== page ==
I'm a firm believer in working out....so why don't I do it? I know how it hurts and how good it feels to keep your body in real good condition. I did for 30 years of my life. But now I just find my making pictures is such an obsession that I don't take the time for my body. I know it'll kill me far earlier than I should go if I don't start working out again, and I know these little creeks and snaps and pains that I feel and hear now will only get worse. Next week I get to go play a game all-day long in Arizona and that should do me some good in getting back into some sort of physical routine, as long as I lay off the gallons of beer that my brother and I go through on one of these trips. We'll see. Photographing people who are taking great care to lose body fat and build muscle should be inspiration...funny it actually makes my back hurt even more somehow. SayerMotter Photograph by Richard Sayer
Maybe we can pick somebody up and hold them over head. Thats the sort of thing I say to get families to have some fun, which also means they begin to pose less and act more like themselves. They get more natural expressions and their true personalities, at least their more laughing side of their personalities start to show. I've used lines like 'have you ever put you feet in daddy's mouth?" That one actually got one of the best reactions and one of my all-time favorite family portraits. Anything to get something other than the staged and stiff group. They don't always work out but they at least lighten up the mood a little and I hope make the experience a little less grueling on the ones who don't really want any part of having their picture taken. This was one of the shots from todays shoot with the Eisenhooth/Freysinger clan. I've now known these good folks for about a decade having photographed nearly all of them at one time for the New SayerMotter Photograph by Richard Sayer
The season isn't quite going the way Coach Achenbach had hoped I'm sure. They lost two tough close games early on tonight they got blown out by a very very good General McLane football team. I took this shot of the coach tonight after the Lancers had scored again in the first half--I think it was the fourth TD. I wanted to post this not so much for that story, but for a photo observation. One of th hardest, yet most useful 'tricks' a photographer employs is using depth of field. Basically using a wide open aperture or f-stop with a long lens you can blur a background to the point of abstraction. When I looked through the lens the background was bright, but I could make out the scoreboard better than the camera could--or at least in my mind I knew what the scoreboard said. So when it appeared this way in the back of my sensor I was a little surprised even though I knew I was going to get something sorta like this--I didn't think the lights would be so big and blurred. I tried to stop my lens down in order to to get the numbers a little sharper, but the coach moved before I could get a frame. As I was posting this I really wished I had because it would be my demonstration on how depth of field works and can be used in a practical story telling way. I should've worked it a little ha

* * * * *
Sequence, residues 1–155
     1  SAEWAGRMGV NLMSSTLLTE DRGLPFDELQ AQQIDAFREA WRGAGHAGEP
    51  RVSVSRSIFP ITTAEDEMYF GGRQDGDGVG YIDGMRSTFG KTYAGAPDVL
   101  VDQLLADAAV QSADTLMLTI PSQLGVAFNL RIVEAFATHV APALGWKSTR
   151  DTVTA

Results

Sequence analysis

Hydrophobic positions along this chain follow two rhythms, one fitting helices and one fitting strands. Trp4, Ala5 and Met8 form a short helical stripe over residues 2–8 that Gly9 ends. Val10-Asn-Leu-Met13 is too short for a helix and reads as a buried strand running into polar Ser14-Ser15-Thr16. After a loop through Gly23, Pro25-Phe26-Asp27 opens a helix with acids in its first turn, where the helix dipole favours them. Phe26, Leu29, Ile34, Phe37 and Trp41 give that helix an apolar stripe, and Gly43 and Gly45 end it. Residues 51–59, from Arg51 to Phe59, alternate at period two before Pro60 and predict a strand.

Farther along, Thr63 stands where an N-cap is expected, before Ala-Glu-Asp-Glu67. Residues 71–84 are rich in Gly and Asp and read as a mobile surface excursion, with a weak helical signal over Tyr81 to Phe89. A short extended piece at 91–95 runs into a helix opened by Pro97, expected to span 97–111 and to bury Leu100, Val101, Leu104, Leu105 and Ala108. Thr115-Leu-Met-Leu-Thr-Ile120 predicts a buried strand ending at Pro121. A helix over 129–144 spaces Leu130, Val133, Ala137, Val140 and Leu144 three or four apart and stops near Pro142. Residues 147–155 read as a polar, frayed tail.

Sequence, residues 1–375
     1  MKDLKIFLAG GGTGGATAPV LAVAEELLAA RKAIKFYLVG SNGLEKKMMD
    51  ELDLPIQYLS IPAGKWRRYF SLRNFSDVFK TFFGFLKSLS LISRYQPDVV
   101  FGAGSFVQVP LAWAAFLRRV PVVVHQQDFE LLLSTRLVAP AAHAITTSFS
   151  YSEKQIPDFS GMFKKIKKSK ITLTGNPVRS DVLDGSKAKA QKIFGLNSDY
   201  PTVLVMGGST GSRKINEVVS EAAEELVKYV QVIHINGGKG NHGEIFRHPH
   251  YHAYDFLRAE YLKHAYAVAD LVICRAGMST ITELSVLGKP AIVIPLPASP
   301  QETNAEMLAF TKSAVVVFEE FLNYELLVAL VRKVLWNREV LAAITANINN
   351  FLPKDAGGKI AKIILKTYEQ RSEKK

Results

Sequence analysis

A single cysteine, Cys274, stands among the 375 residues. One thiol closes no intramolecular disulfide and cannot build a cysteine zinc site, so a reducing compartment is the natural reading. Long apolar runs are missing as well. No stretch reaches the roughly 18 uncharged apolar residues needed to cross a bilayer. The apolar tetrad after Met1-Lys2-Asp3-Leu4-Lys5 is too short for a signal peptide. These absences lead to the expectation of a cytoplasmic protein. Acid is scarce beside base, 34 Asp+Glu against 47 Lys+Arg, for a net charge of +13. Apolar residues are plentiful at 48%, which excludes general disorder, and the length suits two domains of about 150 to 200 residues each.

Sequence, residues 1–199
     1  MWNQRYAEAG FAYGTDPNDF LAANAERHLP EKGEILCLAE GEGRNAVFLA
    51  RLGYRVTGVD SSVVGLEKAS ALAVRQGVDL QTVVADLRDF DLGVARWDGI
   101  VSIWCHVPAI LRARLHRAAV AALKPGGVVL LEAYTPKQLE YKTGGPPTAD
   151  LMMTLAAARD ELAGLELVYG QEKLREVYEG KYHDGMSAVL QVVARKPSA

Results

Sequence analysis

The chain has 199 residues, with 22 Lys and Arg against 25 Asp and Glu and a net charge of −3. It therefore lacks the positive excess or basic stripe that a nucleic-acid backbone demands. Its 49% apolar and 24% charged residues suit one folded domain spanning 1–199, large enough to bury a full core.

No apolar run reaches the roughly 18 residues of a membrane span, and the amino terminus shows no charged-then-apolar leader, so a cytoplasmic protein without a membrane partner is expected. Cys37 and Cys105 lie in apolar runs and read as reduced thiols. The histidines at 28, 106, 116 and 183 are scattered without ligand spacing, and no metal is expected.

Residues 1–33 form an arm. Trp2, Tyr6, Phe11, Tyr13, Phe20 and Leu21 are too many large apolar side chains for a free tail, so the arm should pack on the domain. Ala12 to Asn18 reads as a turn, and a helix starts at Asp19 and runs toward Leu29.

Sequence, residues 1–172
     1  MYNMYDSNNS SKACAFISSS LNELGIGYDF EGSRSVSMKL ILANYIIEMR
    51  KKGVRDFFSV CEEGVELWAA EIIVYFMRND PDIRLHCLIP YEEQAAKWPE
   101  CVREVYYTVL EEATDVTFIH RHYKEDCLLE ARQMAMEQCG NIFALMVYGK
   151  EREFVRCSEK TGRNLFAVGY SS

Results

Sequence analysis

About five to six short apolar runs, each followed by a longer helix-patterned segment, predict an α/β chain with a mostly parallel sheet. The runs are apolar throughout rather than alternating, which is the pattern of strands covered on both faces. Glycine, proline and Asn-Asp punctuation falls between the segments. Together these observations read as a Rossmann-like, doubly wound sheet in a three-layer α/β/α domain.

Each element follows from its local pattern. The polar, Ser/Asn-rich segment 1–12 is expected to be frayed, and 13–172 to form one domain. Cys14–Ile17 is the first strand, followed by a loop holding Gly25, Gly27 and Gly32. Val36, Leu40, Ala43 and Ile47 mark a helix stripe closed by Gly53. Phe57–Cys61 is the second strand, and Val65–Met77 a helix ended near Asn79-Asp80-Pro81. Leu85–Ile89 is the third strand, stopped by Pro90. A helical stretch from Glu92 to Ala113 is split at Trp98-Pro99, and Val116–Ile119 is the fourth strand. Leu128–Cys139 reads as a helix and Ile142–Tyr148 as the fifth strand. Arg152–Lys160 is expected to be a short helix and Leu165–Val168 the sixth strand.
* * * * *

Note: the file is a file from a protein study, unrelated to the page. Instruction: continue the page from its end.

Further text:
I'm not even sure I like this photo, at first I thought it was pretty neat, sort of a design image that doesn't have an expression, but it seemed to still have motion. I keep going back and forth on whether its any good. I'm sure my good friend Jim will let me know. The thing with pictures is that that say something--but e need to be in the right frame of mind and thinking in order to get anything out of them. Some pictures I admire now, I didn't at first. It was that second or third(maybe 5th) look that got me. Cartier-Bresson's guy leaping over a puddle was one. Nearly every Robert Frank photo are others. I just didn't like these images at first, but now I really think Frank was quite something and that picture by Cartier-Bresson....well look at all his work and sudden;y you realize why this one is one of the masterpieces of the 20th century. My picture of Maplewood's color guard won't ever be considered a masterpiece, but I hope I look back on it and still think its a good picture--perhaps I'll let you know tomorrow! Meadville Tribune photo by Richard Sayer
I posted this earlier tonight after a problem arose from the files that were imported before, but we have them fixed now so I'll re-post the photos below, but leave this illustration as todays featured photo. Its not a reflection, but just the same picture duplicated and put up-side down. I did this as I was starting to make an illustration and I just ended up liking the way it looked. Its a lot darker on the computer I made it on. Meadville Tribune photo from Ernst Trail by Richard Sayer.